DARK TORRENT OF GLENCOE by Edward Grierson

DARK TORRENT OF GLENCOE

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KIRKUS REVIEW

The bloody doings in Scotland in 1692 are the basis of a romance, of a historical retelling and of a deed that echoes in the names of the Campbells and MacDonalds. King William III (""the Dutch King""), and his demand for a sworn oath of allegiance from the clans, is not obeyed by the MacIan of Clan Donald until after its expiration date and Carnoch and other clan hamlets along the Coe River become the target for the Master of Stair who sends Captain Robert Campbell of Glenlyon with troops to wipe them out. The strategy calls for Glenlyon to quarter his men as guests of the glen while they presumably rest before they take Glengarry, who has never signed. Staying, they and the glen people become friends, work and play together, and it is a Campbell, Lt. Jamie, who sees the planned betrayal, keeps Fiona MacDonald in hiding, and deserts Glenlyon to travel 400 miles to London to get the ear of the King. A gallant act en route earns him the Marquis of Claremont's assistance and, in spite of prison and torture, he makes his plea for a pardon. He arrives too late but is able to help Fiona's brothers to effect the deliverance of the survivors of the massacre that is to keep the ""name of Campbell accursed forever"". A Highlands tragedy, this is served by an able narrator whose history and fiction are in effective balance.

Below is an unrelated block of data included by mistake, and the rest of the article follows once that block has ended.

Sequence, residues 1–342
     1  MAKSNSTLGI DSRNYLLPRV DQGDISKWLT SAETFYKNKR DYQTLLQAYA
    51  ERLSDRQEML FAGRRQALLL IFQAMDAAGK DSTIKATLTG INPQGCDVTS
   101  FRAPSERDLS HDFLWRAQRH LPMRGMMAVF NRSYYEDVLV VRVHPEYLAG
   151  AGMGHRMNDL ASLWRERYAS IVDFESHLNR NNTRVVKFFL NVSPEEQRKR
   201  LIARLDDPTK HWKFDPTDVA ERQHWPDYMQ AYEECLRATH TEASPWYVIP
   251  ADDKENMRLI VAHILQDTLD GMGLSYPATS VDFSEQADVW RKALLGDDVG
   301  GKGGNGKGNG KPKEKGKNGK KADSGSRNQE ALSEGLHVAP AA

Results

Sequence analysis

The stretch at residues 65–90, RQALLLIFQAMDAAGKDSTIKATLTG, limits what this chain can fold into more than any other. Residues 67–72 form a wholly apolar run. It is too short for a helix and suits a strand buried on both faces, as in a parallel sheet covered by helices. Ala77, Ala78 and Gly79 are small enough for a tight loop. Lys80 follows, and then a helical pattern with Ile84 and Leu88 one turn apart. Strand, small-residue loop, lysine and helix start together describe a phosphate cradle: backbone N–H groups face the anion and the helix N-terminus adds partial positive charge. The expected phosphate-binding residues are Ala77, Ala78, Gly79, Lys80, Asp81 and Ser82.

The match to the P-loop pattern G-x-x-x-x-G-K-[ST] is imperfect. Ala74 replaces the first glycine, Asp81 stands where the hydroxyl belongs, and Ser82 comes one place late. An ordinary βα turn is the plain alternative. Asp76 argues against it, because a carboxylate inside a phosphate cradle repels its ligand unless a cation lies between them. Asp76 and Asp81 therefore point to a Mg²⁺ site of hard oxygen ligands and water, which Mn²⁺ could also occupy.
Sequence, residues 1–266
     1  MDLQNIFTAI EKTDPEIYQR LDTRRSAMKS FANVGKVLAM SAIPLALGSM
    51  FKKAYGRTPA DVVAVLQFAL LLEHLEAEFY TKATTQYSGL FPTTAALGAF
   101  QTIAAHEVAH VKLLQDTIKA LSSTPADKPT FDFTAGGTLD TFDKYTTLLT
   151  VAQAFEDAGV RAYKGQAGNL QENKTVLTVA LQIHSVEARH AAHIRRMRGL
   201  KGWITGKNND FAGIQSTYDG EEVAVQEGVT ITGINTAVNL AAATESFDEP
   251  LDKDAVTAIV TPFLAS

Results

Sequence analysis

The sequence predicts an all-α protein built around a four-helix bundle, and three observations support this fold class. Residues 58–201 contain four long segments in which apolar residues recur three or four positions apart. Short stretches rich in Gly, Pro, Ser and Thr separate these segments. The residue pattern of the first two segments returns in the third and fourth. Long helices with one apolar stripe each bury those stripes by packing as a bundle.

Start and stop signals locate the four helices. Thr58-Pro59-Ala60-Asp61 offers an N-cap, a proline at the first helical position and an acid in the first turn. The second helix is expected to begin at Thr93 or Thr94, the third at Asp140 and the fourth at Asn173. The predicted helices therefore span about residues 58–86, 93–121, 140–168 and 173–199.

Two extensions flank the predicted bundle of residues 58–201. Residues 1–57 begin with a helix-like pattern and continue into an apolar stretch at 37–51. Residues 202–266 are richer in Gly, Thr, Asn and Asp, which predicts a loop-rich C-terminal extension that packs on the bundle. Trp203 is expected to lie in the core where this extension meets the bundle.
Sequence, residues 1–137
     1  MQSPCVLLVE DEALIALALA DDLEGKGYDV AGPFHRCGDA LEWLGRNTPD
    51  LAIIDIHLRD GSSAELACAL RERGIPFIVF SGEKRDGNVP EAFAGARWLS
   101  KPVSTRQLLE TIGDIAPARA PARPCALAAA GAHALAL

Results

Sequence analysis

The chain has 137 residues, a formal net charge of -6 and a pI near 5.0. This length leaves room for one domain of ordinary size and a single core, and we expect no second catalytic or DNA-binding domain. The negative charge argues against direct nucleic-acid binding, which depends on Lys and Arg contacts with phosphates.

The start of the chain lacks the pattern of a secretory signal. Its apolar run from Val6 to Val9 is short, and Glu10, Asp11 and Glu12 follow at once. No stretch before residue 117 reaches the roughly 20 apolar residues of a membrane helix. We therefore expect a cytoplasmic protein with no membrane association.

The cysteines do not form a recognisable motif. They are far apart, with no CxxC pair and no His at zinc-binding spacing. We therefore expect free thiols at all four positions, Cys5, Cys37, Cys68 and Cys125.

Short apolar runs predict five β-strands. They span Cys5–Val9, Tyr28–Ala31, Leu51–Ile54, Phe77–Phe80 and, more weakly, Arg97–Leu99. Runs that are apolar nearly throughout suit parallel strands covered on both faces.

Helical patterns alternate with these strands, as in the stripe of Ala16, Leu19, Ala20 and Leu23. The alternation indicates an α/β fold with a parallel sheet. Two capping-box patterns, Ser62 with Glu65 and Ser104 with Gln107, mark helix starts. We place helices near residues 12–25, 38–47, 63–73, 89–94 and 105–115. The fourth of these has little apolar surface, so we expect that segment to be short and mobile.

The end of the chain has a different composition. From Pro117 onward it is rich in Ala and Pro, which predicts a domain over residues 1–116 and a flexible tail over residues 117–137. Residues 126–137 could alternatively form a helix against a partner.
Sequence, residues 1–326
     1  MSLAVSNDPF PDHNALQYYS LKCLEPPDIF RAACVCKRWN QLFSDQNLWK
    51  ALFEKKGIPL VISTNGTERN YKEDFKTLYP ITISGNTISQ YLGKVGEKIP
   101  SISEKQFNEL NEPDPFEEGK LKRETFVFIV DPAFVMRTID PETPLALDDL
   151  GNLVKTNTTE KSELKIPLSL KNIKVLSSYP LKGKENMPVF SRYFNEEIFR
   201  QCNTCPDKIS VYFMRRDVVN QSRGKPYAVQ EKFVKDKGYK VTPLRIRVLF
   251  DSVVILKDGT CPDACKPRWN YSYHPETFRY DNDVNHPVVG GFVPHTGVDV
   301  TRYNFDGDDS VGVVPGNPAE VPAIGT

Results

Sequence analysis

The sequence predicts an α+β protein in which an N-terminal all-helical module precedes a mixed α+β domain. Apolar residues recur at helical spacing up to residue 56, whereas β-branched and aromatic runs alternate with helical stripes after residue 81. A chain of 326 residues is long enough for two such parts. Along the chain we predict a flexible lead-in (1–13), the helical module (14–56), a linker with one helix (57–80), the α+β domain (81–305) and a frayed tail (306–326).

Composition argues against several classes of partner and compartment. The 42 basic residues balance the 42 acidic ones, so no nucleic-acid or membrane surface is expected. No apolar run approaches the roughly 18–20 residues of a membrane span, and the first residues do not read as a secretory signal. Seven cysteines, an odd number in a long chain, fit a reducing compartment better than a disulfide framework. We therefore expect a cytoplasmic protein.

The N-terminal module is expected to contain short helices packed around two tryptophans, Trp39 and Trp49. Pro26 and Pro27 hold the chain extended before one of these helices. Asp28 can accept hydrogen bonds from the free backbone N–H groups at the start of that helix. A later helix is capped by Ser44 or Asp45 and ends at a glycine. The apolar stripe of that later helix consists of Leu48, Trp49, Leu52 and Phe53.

Pub Date: Sept. 9th, 1960
Publisher: Doubleday